Condit: Dawn Attack is a very cool narrative stratagem, but making a sneak attack like that isn’t very knightly…

OK. So how does Dawn Attack even work?

Good question. The strat provides that “Titans must roll (D6 + 1) x 5 to determine how many inches they can see – only enemies within this range can be targeted.” However, it’s not exactly clear when you roll: is it a single roll for all Titans when the strat is played? Or does each Titan roll when the strat is played and stick to this number? Or is the range determined whenever the Titan decides to try to fire? We think it’s probably the last option: when a Titan goes to fire a weapon, it rolls to see how far it can see in the darkness. This can be anywhere from a meagre 10” up to a somewhat respectable 35”, and you’ll more often than not be able to shoot at least 20” away. Keep that in mind, because it’s important.

Does Dawn Attack even work?

Of course, there’s something that’s even more important, which is whether a Knight Household can even take this strat in the first place. The most recent rules for Questor Oblitus Households are in The Defence of Ryza, and they tell us that “[a] Questor Oblitus Household force can purchase Stratagems available to any Knight Household and to Questoris Oblitus Households.” So what stratagems are available to these households? 

Well, Doom of Molech provides Household Stratagems, and says “a Household force may only choose from the Stratagems listed here and a Titan Legion may only choose from the Stratagems listed in the Adeptus Titanicus rulebook.” Seems pretty straightforward. Just one problem: Dawn Attack isn’t in either list – it appears in the additional stratagems at the end of DoM.

Legio Fureans Warhound. Credit – Lupe

Unfortunately, that section isn’t helpful either. The closest we come to an actual ruling is the first paragraph: “This section adds a collection of new Stratagems for Princeps to bring to battle, complementing and expanding upon those in the Adeptus Titanicus rulebook.” So as written, since Doom of Molech’s additional stratagems are an expansion to the core rulebook’s stratagems and not to the knight household ones in Doom of Molech, Knights can’t take strats in that expansion, including Dawn Attack. Right?

Well, maybe. We’re now living in a brave new world with the release of Loyalist Legios, which not only includes rules for Legio Battlegroups, but reclassifies Household lists as “Household Battlegroups,” further complicating the question here. You see, the Stratagems section of Loyalist Legios includes all of the strats available to Loyalist Titan players to date, but whether they’re available to Household players is an open question. The closest we get to a ruling here is in the first paragraph: “The next few pages list Stratagems available to any battlegroup and those available exclusively to Loyalist battlegroups.” And Dawn Attack isn’t restricted. So maybe it’s available to Knights now? But if we go back to the Allegiances section of the book, there’s a key difference in the way the stratagems bit is phrased between Titan and Knight battlegroups: a Loyalist Titan Legion Battlegroup “can purchase Stratagems available to any allegiance or any Loyalist player,” while a Questoris Imperialis Household Battlegroup “can purchase Stratagems available to any Knight Household and to Questoris Imperialis Households.” So, maybe they can’t? The Stratagem section offers some implicit support for this proposition, saying only that “[a] Loyalist battlegroup can select their Stratagems from any of those listed in this section as well as any Legio Specific Stratagems,” but is silent on whether Questor Imperialis Household battlegroups (or any other Knight allegiance, for that matter) can pick from that list. And the fact that the list includes the strats from the core rulebook seems to add further credence to the idea that these strats are not for Knights.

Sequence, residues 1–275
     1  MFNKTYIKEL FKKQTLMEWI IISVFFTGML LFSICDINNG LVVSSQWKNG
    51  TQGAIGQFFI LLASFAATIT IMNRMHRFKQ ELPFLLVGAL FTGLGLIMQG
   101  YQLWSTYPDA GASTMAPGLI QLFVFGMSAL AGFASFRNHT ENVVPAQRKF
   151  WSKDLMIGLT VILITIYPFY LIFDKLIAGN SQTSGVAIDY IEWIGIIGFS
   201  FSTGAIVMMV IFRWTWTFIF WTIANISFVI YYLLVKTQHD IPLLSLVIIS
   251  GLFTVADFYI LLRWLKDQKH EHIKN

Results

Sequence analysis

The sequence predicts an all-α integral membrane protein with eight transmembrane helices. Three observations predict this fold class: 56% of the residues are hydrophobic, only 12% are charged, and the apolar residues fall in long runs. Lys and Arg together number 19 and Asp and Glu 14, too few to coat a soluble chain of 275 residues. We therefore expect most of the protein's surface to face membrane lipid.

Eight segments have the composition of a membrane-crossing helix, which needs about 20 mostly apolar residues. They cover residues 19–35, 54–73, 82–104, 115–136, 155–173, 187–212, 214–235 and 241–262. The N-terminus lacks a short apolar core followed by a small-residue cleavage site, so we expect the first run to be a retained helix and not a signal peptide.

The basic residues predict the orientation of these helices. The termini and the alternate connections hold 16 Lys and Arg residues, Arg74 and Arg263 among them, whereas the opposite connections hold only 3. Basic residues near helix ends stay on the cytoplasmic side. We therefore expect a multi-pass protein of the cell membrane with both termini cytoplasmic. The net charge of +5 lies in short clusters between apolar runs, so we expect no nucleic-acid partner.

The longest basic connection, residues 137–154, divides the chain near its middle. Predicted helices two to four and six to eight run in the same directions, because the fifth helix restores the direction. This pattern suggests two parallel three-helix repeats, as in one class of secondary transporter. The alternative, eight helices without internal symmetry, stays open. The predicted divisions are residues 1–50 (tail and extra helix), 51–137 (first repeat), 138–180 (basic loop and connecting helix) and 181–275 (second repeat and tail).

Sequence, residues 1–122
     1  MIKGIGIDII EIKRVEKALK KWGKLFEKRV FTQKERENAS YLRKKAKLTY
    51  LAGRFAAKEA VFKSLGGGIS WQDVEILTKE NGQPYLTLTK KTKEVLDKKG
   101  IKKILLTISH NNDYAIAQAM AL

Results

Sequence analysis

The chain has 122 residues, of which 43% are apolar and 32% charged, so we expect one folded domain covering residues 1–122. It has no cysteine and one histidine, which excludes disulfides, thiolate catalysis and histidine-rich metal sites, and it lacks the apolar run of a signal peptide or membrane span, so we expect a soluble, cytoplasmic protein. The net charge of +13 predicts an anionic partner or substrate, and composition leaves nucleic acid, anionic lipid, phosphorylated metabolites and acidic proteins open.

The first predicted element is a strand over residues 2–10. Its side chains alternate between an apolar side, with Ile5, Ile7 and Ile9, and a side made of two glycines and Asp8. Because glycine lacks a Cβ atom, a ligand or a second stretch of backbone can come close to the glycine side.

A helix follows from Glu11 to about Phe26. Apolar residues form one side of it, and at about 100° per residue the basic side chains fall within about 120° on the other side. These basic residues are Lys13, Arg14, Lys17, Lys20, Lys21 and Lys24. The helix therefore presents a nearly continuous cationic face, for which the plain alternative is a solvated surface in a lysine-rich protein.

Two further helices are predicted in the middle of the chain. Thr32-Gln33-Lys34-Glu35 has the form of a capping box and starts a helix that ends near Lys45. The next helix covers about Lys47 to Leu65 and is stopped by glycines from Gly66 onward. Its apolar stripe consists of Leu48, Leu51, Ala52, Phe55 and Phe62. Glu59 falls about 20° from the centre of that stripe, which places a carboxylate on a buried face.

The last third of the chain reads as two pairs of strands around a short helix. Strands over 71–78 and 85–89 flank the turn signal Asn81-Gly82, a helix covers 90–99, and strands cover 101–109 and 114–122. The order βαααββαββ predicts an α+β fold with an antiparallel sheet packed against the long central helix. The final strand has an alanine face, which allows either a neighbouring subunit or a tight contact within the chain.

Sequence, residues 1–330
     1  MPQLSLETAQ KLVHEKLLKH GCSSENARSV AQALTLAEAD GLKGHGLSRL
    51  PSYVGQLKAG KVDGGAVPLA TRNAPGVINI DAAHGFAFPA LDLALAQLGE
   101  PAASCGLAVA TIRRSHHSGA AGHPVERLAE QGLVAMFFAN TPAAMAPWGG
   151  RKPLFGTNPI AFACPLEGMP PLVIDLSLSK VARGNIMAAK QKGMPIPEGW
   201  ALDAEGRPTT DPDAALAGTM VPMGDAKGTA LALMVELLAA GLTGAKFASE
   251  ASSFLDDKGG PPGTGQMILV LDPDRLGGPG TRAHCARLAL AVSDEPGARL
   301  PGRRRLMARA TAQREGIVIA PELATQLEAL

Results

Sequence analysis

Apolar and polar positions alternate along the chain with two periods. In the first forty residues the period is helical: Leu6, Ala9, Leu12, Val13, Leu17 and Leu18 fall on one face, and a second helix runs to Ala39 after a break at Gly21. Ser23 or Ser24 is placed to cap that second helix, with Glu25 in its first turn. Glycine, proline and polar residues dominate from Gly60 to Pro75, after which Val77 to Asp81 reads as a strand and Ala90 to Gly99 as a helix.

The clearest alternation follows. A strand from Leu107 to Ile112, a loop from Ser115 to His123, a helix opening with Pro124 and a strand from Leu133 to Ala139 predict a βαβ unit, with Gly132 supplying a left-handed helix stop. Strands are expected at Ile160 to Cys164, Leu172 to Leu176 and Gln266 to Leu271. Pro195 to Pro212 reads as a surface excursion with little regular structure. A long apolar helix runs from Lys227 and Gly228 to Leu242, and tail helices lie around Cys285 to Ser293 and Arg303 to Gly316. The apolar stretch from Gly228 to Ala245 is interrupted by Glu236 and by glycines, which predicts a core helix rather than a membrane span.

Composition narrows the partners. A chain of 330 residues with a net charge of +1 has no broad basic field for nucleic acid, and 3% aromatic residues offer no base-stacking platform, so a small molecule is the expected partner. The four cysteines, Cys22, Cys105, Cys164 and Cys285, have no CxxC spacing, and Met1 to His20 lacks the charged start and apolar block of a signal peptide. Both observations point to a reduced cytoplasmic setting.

At this point, I’m fucking over this bullshit. Let’s just pretend this never happened and assume that Knights can take the stupid strat because trying to untangle this is reminding me too much of my real job. Fuck.

Soggy: Having a Knight Household force myself, I have often gone through the above process to justify to myself one way or another as to how this is intended to work. Knight Households were bolted-on to the system after it’s launch and have always been a bit of an afterthought. I’ve normally settled with saying that they get access to all stratagems, excluding the core versions of the strats they got their own equivalent of. That said I would normally discuss this with my opponent and make sure they are of the same reading. (There are a bunch of other very iffy reads on some KH rules, but I digress)